Improved wear resistance in total knee replacement (TKR) is a suitable goal. Whereas the use of metal components is well established, mechanical loosening in recently introduced ceramic components are a cause of concern. The scope of this work was to test in vitro whether ceramic TKR femoral components are more prone to mechanical loosening than metal ones. Composite femurs were implanted with commercially available TKR metal components, and with ceramic components having identical shape to the metal ones. Implanted femurs were tested on a knee simulator for up to 5 × 10-6 cycles. Inducible micromotions and permanent migrations were recorded throughout the test. The cement layers were inspected for signs of damage or fracture. Micromotions and migrations were similar for metal and ceramic components: their magnitude and trend over time indicated that no implant was becoming loose. When there were statistically significant differences, the ceramic components were more stable than the metal ones. When the cement layers were inspected, a few short cracks were observed; most such cracks appeared during the first cycles, while no further damage occurred in the rest of the test. The type of damage found for both the metal and the ceramic components is compatible with well-fixed implants after long-term cycling. Altogether, no remarkable difference was found between the metal and ceramic components. Therefore, this study rejects the hypothesis that ceramic TKR femoral components are more prone to mechanical loosening. Although this study had a limited sample size, it provides novel pre-clinical indications about the potential of ceramic TKR femoral components.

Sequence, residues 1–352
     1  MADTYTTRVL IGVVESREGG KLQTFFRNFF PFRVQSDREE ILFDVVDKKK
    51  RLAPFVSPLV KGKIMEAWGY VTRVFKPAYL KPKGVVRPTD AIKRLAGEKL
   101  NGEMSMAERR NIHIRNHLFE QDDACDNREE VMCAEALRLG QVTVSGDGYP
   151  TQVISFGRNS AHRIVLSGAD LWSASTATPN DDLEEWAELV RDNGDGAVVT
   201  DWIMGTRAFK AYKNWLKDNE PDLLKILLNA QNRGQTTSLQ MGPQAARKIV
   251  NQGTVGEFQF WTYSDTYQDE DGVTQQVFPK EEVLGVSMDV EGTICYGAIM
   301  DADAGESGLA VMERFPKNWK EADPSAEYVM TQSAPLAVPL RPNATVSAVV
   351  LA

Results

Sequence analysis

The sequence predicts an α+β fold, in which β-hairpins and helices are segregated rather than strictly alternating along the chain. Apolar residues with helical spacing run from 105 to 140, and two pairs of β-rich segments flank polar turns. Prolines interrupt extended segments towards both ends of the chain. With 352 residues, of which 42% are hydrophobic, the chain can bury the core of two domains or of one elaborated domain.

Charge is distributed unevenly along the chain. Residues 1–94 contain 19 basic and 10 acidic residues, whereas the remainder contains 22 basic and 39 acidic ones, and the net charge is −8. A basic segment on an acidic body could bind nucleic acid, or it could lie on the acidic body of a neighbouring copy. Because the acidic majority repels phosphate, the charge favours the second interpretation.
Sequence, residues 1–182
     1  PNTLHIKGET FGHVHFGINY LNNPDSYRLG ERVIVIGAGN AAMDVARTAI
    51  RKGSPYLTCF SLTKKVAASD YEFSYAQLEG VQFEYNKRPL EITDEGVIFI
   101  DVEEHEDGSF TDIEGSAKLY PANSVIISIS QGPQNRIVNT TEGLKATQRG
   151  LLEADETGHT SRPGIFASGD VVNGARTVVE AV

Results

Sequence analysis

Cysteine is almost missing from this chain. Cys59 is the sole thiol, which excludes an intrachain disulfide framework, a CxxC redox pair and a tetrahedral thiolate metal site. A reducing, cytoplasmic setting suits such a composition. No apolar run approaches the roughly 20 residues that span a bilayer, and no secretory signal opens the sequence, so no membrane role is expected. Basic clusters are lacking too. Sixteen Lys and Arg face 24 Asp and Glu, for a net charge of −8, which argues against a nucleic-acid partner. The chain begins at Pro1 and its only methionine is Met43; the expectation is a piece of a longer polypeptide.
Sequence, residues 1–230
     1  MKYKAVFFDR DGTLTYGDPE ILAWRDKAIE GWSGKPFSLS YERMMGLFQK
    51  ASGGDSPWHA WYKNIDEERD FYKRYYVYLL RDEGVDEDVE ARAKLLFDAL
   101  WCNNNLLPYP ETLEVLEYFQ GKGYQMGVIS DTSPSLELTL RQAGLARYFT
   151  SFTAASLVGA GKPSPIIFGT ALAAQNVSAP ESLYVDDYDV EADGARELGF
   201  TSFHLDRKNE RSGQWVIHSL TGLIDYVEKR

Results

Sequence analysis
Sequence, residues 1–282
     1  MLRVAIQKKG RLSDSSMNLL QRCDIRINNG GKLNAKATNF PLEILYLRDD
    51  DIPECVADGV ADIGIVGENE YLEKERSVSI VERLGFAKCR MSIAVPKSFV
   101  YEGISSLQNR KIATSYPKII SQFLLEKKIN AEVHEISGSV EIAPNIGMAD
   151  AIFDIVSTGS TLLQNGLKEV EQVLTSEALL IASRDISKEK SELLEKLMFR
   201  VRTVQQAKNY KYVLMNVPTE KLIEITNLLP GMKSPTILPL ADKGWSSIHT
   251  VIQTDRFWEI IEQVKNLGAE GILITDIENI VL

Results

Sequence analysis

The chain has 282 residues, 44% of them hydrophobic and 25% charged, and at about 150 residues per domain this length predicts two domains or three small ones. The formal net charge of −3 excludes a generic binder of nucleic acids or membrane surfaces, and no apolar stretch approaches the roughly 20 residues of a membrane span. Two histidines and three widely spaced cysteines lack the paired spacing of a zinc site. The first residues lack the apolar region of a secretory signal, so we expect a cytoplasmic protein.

- Bone-prosthesis micromotion
- Cemented total knee replacement
- Ceramic TKR femoral component
- Implant loosening
- In vitro fixation test
ASJC Scopus subject areas
- Orthopedics and Sports Medicine